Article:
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Newly-released data published by City Hall reveals that in 2012 the ra

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Newly-released data published by City Hall reveals that in 2012 the ra [#permalink]

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New post 30 Jul 2017, 04:04
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Question Stats:

52% (00:50) correct 48% (00:39) wrong based on 124 sessions

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Newly-released data published by City Hall reveals that in 2012 the rate of knife crime was estimated at 9.7 per 200,000 inhabitants, 2.7% fewer as the 2011 rate.

A. 2.7% fewer as the 2011 rate.

B. 2.7% less than 2011.

C. a 2.7% decrease when compared with the rate in 2011.

D. 2.7% what it was in 2011.

E. 2.7% the rate in 2011.
[Reveal] Spoiler: OA

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Newly-released data published by City Hall reveals that in 2012 the ra [#permalink]

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New post 30 Jul 2017, 04:05
OE

Though this choice may sound a bit wordy, it correctly compares the 2010 rate to the 2009 rate and correctly modifies the preceding clause. Sometimes on the GMAT, shorter is not always better!

If you chose (A), “fewer as” is an incorrect idiom. “Fewer” is a countable modifier. For example, we might say, “fewer hats” but not “fewer rates”. We can also say that the 2012 rate was higher/greater or lower/less than the 2011 rate.

If you chose (B), we’re comparing the 2012 rate to the 2011 rate. This choice compares the 2012 rate to the year 2011.

If you chose (D), “what it was” is ambiguous. It’s unclear what “it” refers to, and the overall the verbiage is clumsy. This choice also makes it sound like the 2012 rate was 2.7% of the 2011 rate.

If you chose (E), this choice has no obvious grammatical error, but it changes the meaning. The intended meaning is that the 2012 rate of crime was 2.7% less than the 2011 rate. This choice makes it sound like the 2012 rate was 2.7% of the 2011 rate.

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Re: Newly-released data published by City Hall reveals that in 2012 the ra [#permalink]

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New post 30 Jul 2017, 06:46
Newly-released data published by City Hall reveals that in 2012 the rate of knife crime was estimated at 9.7 per 200,000 inhabitants, 2.7% fewer as the 2011 rate.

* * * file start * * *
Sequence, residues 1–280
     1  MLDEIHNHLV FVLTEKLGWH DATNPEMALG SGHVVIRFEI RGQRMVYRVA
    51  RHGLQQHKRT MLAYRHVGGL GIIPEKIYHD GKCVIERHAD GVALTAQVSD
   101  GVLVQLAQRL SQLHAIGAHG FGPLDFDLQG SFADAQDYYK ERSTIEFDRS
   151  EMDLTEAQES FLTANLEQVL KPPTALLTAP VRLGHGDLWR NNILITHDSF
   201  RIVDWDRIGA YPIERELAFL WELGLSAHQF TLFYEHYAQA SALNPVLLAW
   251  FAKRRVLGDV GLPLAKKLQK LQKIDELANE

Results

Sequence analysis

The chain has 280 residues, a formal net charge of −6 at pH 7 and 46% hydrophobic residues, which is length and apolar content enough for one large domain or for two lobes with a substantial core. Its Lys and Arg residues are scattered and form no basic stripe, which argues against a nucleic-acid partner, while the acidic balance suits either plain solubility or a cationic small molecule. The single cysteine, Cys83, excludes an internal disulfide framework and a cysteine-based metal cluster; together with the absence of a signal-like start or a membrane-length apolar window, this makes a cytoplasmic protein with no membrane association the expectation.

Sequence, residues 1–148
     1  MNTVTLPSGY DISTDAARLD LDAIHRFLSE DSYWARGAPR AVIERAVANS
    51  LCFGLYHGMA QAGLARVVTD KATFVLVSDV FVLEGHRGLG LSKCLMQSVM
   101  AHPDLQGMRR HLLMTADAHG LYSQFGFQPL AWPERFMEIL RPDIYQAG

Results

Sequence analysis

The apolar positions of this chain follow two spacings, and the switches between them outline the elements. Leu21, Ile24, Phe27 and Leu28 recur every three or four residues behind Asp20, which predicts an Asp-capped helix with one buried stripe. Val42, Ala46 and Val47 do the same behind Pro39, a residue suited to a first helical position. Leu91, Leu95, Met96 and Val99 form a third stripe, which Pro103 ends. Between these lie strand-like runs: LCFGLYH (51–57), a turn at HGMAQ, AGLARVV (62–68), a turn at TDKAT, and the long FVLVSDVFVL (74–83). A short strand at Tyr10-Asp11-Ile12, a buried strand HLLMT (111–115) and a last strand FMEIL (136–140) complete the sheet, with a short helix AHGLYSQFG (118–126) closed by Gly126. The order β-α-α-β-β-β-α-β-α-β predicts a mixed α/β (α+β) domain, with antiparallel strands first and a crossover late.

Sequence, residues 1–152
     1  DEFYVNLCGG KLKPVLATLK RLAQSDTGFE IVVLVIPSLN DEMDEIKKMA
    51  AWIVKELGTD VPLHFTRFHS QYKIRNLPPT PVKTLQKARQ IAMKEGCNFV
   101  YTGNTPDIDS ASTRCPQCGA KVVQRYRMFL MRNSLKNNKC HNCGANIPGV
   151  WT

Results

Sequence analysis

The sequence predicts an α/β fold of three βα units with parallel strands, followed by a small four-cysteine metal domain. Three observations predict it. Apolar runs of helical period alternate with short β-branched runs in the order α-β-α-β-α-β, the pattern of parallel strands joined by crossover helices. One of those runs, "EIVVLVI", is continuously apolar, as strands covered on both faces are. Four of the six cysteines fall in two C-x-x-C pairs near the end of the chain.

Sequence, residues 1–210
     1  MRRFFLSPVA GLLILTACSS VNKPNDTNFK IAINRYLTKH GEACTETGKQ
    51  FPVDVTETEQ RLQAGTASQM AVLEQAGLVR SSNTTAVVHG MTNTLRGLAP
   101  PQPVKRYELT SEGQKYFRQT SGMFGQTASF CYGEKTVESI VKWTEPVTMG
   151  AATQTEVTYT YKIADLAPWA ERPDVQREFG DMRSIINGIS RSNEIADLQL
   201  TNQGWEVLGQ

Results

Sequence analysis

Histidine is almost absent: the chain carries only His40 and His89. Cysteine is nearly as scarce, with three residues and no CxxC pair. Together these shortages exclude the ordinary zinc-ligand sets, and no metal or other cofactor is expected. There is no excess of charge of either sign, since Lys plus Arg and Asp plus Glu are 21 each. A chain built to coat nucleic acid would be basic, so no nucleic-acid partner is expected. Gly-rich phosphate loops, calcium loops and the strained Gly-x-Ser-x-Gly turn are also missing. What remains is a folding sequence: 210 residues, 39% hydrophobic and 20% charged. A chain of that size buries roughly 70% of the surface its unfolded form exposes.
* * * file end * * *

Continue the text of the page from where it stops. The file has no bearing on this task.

A. 2.7% fewer as the 2011 rate.

B. 2.7% less than 2011.

C. a 2.7% decrease when compared with the rate in 2011.

D. 2.7% what it was in 2011.

E. 2.7% the rate in 2011.

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Re: Newly-released data published by City Hall reveals that in 2012 the ra [#permalink]

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New post 19 Dec 2017, 11:32
Hi Experts,

Can you please clarify how option C is correct here. As per E-Gmat , "when compared with" is a wrong idiom. Are there any exceptions to this?
Secondly, though "estimated at" is in the non -underlined part and makes sense ,I would like to understand if its the correct idiom usage since I read somewhere that the correct idiom is "Estimate X to be Y". Can you confirm if there are any exceptions to this as well.
Thanks.

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Re: Newly-released data published by City Hall reveals that in 2012 the ra [#permalink]

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New post 19 Dec 2017, 11:55
Hi Umrani,
I’m not an expert, but I would like to response your question. “When compared with” is not really an idiom here. You use “when compared with” when you actually MEAN “WHEN compared with”, only at that time we compared X with Y.
Both “estimate at” vs “estimate x to be y” are correct and same meaning.
Ex: she estimates the cost at ten dollars.
Ex: she estimates the cost to be ten dollars.
Hope this helps.

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Re: Newly-released data published by City Hall reveals that in 2012 the ra   [#permalink] 19 Dec 2017, 11:55
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